On 2 November 2007 a new move towards joint management of national parks on Cape York Peninsula took effect through the proclamation of the Cape York Peninsula Heritage Act 2007 (the Act).

    Under the Act, amendments to the Nature Conservation Act 1992 (NCA) allow for the creation of a new class of protected area called national park (Cape York Peninsula Aboriginal land) (CYPAL). This class allows for existing and proposed national parks to become Aboriginal land and also be dedicated and managed as a national park (CYPAL). Importantly it allows for joint management of national park land by Traditional Owners (represented by an Aboriginal corporation or land trust) and the department.

    Traditional Owners are granted ownership of their Country as an Aboriginal freehold title and protect this area by jointly managing as national park (CYPAL) under the NCA.

    What lands can become national park (CYPAL)?

    Existing national parks, Aboriginal land, unallocated State land, land purchased through the department’s acquisition efforts or land bequeathed to the State in the Cape York Peninsula Region can all become national park (CYPAL). The Cape York Peninsula Region covers the mainland and islands, however excludes land or waters below the high tide. A map of the Cape York Peninsula Region is available on the Queensland Government site.

    How will a national park (CYPAL) be jointly managed?

    Joint management arrangements for a national park (CYPAL) are established through the development of an Indigenous Management Agreement (IMA) and a park management statement or management plan.

    The IMA provides the framework for the ongoing relationship between the department and the Aboriginal corporation or land trust for the management of the national park (CYPAL). The IMA sets the responsibilities of the State and the Indigenous landholding entity (an Aboriginal corporation or land trust) in managing the national park (CYPAL). The department and landholding entity also work together to develop management statements or management plans for each national park (CYPAL). The management statement or management plan under the NCA will be more specific in outlining resource and visitor management requirements.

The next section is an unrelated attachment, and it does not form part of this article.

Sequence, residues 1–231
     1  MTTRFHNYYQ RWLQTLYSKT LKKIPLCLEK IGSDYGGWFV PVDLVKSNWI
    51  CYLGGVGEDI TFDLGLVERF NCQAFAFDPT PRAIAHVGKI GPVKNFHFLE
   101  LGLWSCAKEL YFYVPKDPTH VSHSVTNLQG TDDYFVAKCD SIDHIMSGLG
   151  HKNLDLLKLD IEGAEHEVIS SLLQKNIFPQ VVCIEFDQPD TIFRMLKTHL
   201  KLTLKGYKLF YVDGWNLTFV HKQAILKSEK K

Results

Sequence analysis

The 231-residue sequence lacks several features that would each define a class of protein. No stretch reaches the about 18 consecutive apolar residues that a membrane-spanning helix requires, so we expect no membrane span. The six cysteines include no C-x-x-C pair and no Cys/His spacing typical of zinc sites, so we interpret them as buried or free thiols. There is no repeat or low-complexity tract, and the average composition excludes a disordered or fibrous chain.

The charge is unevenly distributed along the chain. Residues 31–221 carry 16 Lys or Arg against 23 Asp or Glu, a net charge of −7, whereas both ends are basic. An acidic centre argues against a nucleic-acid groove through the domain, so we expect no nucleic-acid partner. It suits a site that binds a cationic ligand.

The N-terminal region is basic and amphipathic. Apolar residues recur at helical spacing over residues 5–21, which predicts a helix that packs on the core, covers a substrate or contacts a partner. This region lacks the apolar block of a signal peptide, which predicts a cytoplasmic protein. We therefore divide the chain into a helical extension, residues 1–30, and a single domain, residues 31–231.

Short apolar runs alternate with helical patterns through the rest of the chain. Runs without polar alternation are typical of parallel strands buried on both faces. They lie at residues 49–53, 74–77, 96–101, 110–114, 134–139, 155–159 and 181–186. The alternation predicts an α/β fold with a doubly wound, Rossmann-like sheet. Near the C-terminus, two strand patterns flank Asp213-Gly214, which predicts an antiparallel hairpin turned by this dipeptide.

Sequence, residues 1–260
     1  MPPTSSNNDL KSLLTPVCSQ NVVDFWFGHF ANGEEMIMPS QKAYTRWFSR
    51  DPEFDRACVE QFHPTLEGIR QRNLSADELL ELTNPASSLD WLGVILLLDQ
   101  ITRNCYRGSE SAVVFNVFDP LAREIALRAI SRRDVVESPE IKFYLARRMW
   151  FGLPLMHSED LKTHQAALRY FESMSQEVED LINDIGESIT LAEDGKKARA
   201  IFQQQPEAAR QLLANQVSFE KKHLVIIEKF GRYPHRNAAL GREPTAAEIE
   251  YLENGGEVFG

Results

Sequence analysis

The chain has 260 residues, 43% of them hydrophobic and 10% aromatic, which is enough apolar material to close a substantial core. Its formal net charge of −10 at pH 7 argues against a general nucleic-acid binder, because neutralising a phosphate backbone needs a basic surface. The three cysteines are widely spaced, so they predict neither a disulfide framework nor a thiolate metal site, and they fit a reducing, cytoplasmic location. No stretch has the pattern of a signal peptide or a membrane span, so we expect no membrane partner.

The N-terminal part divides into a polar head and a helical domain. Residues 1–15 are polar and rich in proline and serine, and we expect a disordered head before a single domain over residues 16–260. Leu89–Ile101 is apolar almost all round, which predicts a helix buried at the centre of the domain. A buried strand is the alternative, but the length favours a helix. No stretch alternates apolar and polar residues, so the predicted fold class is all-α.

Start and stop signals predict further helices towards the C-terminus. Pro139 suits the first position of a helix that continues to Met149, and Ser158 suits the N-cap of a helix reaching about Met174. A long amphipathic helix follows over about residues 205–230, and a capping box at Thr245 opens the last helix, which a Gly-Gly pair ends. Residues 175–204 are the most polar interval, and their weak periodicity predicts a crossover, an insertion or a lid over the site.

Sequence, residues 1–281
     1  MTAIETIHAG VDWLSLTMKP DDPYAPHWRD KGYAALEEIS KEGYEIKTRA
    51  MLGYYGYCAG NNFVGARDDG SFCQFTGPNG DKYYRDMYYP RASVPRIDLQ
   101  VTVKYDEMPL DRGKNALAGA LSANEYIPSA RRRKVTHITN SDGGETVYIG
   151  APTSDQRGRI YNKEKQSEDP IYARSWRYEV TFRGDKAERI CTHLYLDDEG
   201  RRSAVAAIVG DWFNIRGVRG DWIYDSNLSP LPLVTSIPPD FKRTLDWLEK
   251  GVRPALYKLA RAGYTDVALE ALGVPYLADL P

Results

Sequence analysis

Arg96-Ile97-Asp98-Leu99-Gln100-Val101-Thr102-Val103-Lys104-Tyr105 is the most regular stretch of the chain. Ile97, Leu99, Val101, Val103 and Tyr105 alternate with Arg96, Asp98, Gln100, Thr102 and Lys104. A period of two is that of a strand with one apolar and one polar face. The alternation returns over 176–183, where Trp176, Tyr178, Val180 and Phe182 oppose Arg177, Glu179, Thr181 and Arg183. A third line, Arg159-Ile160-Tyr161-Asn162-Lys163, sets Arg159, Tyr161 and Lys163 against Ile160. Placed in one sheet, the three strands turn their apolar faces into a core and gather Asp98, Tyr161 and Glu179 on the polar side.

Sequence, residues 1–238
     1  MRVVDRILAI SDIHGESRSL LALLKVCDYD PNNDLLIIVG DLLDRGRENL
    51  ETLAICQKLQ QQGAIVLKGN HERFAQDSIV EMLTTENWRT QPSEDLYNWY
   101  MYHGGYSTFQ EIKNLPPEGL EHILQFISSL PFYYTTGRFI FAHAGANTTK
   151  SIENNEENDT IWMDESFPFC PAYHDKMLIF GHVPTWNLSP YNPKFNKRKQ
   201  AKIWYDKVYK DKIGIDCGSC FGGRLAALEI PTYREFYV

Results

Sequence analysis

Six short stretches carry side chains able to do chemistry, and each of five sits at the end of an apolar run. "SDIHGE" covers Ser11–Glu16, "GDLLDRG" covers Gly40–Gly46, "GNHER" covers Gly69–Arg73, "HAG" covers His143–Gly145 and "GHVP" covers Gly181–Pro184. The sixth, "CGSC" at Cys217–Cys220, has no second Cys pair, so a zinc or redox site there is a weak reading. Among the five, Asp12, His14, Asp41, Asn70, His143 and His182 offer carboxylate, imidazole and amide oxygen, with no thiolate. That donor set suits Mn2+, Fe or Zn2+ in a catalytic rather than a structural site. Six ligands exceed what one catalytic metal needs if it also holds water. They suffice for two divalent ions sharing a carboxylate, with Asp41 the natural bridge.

To what extent will Traditional Owners be involved in management?

    Park management responsibilities are negotiated between the department and the Traditional Owners (represented by an Aboriginal corporation or land trust) and vary from park to park.

    As joint managers of the land, Traditional Owners are involved in many facets of park management. Traditional Owners and the department work together to develop resource and visitor management policies, and operational procedures for the day-to-day management of the parks including pest animal and pest plant control, fire management, permits, presentation and facilities.

    As joint managers of the land, economic benefits flow to Traditional Owners from contract work, commercial tourism and Indigenous ranger employment.

    Will committees be established to oversee the management of national parks (CYPAL)?

    Regional and sub-regional committees comprised of representatives of Indigenous people, including representatives from the Aboriginal corporations and land trusts, may be established to continue the co-operative relationship between the department and Traditional Owners.

    Sub-regional committee membership may be drawn from Indigenous people that have an interest in the area for which the committee is established and allows Traditional Owners to speak on national park management issues. Sub-regional committees represent an individual national park or groups of national parks in the Cape York Region.

    A Regional Protected Area Management Committee (RPAMC) has been established with representation from sub-regional committees in the Cape York Peninsula Region, as well as the department.

    The role of the RPAMC is to advise the Minister responsible for the NCA, about matters relating to the protected area estate in Cape York Peninsula including:

    • park management plans
    • employment opportunities to increase Indigenous representation in the national park workforce
    • provision of resources for management of the protected areas.